And I heard your new bandmembers are former Built to Spill roadies.
That’s correct. These aren’t just run of the mill roadies, they're a couple of the best musicians I've ever known who happened to be roadying for us at the time. Not discounting the other rhythm section when we recorded the record, but having some new guys in the band, I'm sure there was some rejuvenation on my part being around them.
You've been around so long you're writing songs about songs—"All Our Songs" on Untethered Moon is super self-aware. It's a callback to your first album and the song "Built to Spill." I like it when bands have mission-statement songs.
I didn’t hope ["All Our Songs"] to be about us—it's more about other people's songs. The song "Built to Spill" was influenced by hardcore bands growing up—every hardcore band had a song that was their own name. "All Our Songs" is about songs I grew up with.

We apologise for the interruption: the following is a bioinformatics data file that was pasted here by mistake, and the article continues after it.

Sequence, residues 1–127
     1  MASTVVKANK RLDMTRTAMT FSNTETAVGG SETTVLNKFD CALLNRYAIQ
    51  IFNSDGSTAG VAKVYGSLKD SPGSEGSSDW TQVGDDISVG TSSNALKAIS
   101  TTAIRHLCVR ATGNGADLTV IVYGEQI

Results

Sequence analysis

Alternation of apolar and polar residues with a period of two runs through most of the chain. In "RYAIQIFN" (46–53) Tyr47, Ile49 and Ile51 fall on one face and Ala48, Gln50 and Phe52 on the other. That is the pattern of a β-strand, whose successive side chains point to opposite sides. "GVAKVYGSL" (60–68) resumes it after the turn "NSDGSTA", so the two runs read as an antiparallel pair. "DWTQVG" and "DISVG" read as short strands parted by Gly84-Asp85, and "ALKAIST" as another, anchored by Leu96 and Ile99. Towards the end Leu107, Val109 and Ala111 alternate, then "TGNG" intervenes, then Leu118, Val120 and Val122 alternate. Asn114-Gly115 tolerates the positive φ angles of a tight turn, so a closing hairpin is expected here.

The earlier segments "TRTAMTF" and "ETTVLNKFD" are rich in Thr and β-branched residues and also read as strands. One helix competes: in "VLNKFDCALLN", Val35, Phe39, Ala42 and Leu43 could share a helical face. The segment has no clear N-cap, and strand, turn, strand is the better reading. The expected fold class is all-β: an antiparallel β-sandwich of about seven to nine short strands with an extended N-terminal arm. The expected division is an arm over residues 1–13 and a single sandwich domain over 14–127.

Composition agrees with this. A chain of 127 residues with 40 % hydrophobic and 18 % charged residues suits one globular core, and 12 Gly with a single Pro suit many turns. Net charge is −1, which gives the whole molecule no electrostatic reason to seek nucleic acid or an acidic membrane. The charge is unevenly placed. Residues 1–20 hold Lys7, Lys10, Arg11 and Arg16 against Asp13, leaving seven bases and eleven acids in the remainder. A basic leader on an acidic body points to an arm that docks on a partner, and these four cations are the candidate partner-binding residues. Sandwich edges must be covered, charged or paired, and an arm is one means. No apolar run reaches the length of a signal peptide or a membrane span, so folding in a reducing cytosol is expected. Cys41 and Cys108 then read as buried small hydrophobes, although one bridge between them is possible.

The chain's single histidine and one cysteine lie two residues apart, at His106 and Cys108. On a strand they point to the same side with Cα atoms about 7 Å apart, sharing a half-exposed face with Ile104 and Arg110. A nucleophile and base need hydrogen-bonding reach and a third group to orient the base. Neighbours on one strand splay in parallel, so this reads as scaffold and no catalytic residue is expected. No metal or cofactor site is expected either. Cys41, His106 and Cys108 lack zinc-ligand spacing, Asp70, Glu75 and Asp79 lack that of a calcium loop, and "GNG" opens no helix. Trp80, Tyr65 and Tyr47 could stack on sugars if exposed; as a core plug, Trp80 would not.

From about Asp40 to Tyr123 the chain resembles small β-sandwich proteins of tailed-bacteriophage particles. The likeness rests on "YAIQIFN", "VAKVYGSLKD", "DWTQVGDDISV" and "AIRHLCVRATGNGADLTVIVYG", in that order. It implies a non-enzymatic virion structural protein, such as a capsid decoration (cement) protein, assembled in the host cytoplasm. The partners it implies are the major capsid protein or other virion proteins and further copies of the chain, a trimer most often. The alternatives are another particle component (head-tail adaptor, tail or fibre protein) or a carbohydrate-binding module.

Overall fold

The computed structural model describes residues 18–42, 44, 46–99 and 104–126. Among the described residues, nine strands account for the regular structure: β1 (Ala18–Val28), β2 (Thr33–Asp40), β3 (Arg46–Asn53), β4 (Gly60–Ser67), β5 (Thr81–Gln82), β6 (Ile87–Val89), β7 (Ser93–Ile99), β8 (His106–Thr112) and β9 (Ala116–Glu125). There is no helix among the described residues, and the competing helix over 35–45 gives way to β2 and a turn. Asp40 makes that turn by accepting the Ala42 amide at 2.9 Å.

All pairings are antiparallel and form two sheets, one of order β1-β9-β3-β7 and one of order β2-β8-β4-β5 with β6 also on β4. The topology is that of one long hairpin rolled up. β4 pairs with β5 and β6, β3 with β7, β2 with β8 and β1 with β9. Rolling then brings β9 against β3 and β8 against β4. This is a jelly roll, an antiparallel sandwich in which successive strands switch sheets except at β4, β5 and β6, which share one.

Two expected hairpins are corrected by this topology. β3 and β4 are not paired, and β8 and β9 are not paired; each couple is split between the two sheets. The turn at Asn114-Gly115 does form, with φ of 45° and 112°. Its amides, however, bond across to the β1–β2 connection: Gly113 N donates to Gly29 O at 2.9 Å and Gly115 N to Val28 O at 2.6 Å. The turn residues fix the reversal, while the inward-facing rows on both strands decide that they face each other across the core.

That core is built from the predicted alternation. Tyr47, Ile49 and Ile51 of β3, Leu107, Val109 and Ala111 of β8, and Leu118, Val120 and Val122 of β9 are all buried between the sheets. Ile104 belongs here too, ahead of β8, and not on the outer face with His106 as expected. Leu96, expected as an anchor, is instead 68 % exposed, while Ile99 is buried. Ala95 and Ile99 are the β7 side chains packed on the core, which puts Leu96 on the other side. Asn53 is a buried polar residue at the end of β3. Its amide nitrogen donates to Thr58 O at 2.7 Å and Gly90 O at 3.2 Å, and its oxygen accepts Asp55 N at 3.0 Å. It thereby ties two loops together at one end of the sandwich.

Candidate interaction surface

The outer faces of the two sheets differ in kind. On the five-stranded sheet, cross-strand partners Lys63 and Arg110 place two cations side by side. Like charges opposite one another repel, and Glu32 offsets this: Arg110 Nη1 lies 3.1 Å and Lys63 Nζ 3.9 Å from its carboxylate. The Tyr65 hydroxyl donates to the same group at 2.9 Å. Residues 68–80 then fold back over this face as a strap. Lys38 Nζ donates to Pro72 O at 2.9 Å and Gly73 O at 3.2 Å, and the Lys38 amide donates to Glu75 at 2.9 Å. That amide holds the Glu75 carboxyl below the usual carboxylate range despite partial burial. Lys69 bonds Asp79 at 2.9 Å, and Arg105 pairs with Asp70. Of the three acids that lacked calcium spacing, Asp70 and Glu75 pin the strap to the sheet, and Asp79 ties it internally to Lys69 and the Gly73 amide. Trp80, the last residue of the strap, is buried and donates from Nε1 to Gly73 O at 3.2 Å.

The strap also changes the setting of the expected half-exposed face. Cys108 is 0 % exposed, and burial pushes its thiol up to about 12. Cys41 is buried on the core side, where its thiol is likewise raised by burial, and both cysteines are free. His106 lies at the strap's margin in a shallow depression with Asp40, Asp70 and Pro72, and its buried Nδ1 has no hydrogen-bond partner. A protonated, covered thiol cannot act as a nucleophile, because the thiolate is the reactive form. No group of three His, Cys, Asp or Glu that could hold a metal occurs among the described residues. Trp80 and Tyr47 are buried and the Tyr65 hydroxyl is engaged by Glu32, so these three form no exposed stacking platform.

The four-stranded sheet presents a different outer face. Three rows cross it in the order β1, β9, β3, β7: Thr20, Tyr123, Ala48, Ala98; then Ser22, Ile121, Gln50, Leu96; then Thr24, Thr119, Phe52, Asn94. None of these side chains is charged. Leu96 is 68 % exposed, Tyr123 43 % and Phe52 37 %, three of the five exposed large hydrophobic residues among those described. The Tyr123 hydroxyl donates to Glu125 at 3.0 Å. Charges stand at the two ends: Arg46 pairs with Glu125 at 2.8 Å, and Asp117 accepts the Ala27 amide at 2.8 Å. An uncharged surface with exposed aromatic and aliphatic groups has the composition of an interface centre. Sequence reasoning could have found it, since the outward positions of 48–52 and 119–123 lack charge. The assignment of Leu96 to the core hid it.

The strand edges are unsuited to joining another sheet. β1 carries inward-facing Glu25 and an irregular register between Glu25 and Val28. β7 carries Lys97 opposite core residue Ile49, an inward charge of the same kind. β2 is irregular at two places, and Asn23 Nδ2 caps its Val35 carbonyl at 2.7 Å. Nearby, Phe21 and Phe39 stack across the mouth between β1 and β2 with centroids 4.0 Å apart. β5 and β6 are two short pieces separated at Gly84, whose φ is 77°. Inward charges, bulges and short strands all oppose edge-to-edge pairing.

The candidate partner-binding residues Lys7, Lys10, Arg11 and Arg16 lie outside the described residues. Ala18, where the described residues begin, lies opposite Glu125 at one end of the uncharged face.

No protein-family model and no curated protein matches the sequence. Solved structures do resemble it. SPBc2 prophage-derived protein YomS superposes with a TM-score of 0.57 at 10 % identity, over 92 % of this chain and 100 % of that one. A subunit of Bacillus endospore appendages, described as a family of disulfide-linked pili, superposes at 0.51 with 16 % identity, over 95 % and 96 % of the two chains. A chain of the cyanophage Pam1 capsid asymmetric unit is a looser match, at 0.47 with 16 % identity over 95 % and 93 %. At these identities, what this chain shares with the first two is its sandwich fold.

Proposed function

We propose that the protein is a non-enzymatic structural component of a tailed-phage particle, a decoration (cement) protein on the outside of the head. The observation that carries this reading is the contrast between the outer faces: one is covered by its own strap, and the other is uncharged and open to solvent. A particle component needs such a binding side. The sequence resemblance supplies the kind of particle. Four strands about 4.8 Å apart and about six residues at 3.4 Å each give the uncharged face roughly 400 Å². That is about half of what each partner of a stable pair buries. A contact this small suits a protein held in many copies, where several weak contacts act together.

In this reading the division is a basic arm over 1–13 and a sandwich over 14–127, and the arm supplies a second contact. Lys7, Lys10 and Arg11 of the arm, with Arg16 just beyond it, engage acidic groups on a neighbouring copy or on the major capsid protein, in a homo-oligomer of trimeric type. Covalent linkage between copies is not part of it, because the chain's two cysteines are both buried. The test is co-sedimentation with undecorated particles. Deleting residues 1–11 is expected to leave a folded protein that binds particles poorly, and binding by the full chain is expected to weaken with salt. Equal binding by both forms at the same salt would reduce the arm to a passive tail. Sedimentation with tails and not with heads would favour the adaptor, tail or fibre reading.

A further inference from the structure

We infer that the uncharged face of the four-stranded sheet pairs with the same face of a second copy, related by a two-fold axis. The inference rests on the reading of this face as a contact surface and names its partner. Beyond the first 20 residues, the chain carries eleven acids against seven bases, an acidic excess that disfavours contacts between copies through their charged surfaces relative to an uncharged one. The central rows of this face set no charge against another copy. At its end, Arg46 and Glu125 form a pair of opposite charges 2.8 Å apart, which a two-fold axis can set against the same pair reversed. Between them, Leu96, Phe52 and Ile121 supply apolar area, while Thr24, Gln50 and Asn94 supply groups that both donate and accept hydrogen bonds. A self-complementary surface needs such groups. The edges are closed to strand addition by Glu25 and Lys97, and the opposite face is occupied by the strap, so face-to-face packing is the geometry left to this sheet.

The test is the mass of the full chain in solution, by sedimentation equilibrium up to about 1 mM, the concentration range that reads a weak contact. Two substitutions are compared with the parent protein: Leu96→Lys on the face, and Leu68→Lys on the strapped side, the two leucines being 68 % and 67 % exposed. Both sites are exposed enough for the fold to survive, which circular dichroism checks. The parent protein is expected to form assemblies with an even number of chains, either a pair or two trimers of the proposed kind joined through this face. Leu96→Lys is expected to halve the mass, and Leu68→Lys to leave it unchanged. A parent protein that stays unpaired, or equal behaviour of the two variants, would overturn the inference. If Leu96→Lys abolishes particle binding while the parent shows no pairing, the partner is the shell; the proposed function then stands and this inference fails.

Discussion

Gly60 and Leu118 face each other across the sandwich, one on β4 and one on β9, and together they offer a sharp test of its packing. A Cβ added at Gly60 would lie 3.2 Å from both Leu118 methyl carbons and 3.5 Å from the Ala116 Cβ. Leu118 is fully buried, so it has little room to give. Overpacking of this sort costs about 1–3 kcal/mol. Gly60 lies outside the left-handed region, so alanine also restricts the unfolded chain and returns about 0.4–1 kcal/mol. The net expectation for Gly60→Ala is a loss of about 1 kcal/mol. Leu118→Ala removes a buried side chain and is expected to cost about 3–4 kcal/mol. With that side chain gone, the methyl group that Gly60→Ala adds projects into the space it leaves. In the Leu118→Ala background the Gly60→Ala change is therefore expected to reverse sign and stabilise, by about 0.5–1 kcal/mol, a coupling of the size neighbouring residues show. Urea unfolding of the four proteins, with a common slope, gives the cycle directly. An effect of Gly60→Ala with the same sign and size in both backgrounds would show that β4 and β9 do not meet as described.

Your song "You Were Right" from Keep it Like a Secret is like that too, citing lyrics from a bunch of classic songs and adding your own voice to the litany.
Built to Spill is part of a continuum. That’s all we are—another band that’s taking things from other bands before us that we like and making something barely different. We're not interested trying to do anything new other than create new songs based on conventional things.
Screen cap taken from Built to Spill's video for "Never Be the Same" off Untethered Moon.